• SOTA stands for “state of the art” and people unfortunately pronounce it like it’s a word, “So-Da” It means the best, the top, the number one.
  • MMLU is an acronym for the Measuring Massive Multitask Language Understanding. It is a dataset of nearly 16k multiple choice questions that people use to evaluate the usefulness of large language models. The goal is to have the LLM guess the right answer given the question and a prompt. You can see examples of the questions here.
  • Medprompt is a method proposed by researchers at Microsoft for creating GPT-4 prompts. In March, they released results showing that these prompting techniques improved the accuracy of GPT-4 on a subset of the MMLU dataset related to the medical domain. The prompting strategies are pretty straightforward, and you don’t need a background in AI to understand them.

What Microsoft announced this week was that they achieved the best scores reported to date (SOTA) on the entire MMLU dataset using GPT-4 and a small modification of the “medprompt” promoting strategy. And they open sourced the prompting strategy so you can use it too. 💥

Up next, we need to figure out what is "nice and clean"

The key to decoding this line is to know that "Mixtral" is related to Mistral AI, a 22-person Paris start-up founded seven months ago. They recently raised $400 million at a $2 billion valuation, or roughly $90 million per employee. They’re like a French OpenAI, but without the AI doomerism politics. Quite the opposite in fact: they publicly release their models and can download them for free and run them.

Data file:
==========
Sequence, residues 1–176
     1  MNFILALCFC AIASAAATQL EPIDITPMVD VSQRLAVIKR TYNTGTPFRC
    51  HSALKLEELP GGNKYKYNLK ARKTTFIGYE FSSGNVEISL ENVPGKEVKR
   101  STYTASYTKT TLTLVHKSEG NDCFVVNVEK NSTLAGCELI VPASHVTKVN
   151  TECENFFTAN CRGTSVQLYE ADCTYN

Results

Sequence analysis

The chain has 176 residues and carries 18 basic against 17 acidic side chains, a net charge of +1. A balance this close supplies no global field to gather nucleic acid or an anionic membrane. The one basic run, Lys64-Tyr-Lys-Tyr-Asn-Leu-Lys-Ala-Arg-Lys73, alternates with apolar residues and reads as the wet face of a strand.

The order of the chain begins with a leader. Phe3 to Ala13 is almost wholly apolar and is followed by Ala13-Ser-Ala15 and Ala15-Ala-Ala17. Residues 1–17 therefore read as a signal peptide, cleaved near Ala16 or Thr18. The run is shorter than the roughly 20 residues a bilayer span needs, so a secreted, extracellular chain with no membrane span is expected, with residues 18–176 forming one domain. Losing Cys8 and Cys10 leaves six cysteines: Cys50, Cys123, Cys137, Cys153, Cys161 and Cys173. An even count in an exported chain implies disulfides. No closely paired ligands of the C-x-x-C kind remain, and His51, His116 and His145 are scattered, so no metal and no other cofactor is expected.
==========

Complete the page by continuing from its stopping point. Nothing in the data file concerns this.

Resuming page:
Mixtral 8x7B is the name of their new model. The “mix” is a reference to the neural network architecture they used, which is known as a “mixture of experts” (MoE). The 8x7B refers to the number of parameters, 7 billion per “expert” subnetwork. Why, then, does the model have 46.7B parameters instead of 56B parameters? Shared parameters! (This is as far down the rabbit hole that I got). 

The top-level story is that everyone is racing to train better, smaller and faster LLMs. AI Twitter gets very excited when a new competitive model is released. The super secret GPT-4 model from OpenAI is still the one to beat, but the open source competitors are getting closer. Mistral claims Mixtral outperforms Meta’s largest model (Llama 2 70B) on “most benchmarks with 6x faster inference.” So the model is very good and very fast. 

Finally, MLX is new open-source software from Apple that lets people run neural network models on Apple chips. There’s a lot to say about how hardware fits into the story of modern AI, but, in short, models have dependencies on certain brands of hardware. You cannot download the new, sparkly Mixtral model that was trained on NVIDIA GPUs and expect it to run on Apple’s bespoke CPU or GPU. 

But now you can! Because “Mixtral 8x7B @ MLX” refers to the code that Apple has released to let you do that. 💥

We’re only a third of the way through the tweet, but I am 1,000 words in and my co-editor says I need to stop. Look for part II next week, and send me any tweets you want explained! I’m off to go for a run.